Simply put, Zapf Chancery is the font that never should have been born.
No offense to Hermann Zapf, the font’s designer. (To his credit, he also designed Palatino and Optima.) Zapf Chancery looks a lot like the calligraphy I was teaching myself when I was 12. Only uglier. But Zapf Chancery’s real crime isn’t its existence, it’s HOW and HOW OFTEN it’s used.
Unfortunately, Zapf Chancery comes standard as a system font on every computer I’ve ever seen. So that means it falls into the hands of, well, everyone. And lets face it, not everyone is qualified to use fonts beyond Arial and Times.
Because it’s standard on every computer, it’s not just individuals who have the potential to create something awful with Zapf Chancery, it’s sign shops, copy shops, art school students, and on-line quicky design services. And they are creating! From beauty shop signs and address stampers, to invitations and (blech!) business cards, Zapf Chancery seems to be everywhere!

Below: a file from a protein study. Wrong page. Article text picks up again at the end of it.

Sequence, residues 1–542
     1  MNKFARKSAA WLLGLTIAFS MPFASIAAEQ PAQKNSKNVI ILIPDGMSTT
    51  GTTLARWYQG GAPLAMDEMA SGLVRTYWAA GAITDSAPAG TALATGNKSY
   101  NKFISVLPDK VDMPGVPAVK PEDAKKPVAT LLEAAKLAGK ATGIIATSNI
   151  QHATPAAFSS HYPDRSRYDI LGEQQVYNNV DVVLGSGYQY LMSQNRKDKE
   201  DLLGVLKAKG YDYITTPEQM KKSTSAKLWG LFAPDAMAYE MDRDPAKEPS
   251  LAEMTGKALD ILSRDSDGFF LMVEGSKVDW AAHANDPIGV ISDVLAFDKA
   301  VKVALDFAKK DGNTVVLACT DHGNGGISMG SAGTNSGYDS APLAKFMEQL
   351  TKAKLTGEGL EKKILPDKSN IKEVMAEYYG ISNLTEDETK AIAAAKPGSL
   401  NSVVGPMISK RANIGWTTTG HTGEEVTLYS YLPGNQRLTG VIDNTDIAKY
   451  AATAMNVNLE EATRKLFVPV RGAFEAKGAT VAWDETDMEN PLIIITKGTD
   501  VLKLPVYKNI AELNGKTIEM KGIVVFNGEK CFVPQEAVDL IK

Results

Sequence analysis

Currently, my biggest Zapf Chancery pet peeve is the email autosignature. Oh yes, people (almost exclusively women – why oh why ladies?!) seem to like to “decorate” their email autosignature. As if a background image of a spiral notebook or cherubs or clouds wasn’t bad enough, people are formatting their signatures in Zapf Chancery. Is it supposed to look more like your real signature than Arial? It doesn’t. Is it supposed to look “fancy?” It just looks silly. (Of course, using Comic Sans is an equal atrocity.)
So please, stop using Zapf Chancery. If we all stop using it, maybe it will be replaced on the standard system font list with something useful, like Garamond or Trajan. And while you’re at it, unless you’re creating an actual comic book, please give up Comic Sans as well. (And don’t get me started on Sand and Papyrus!)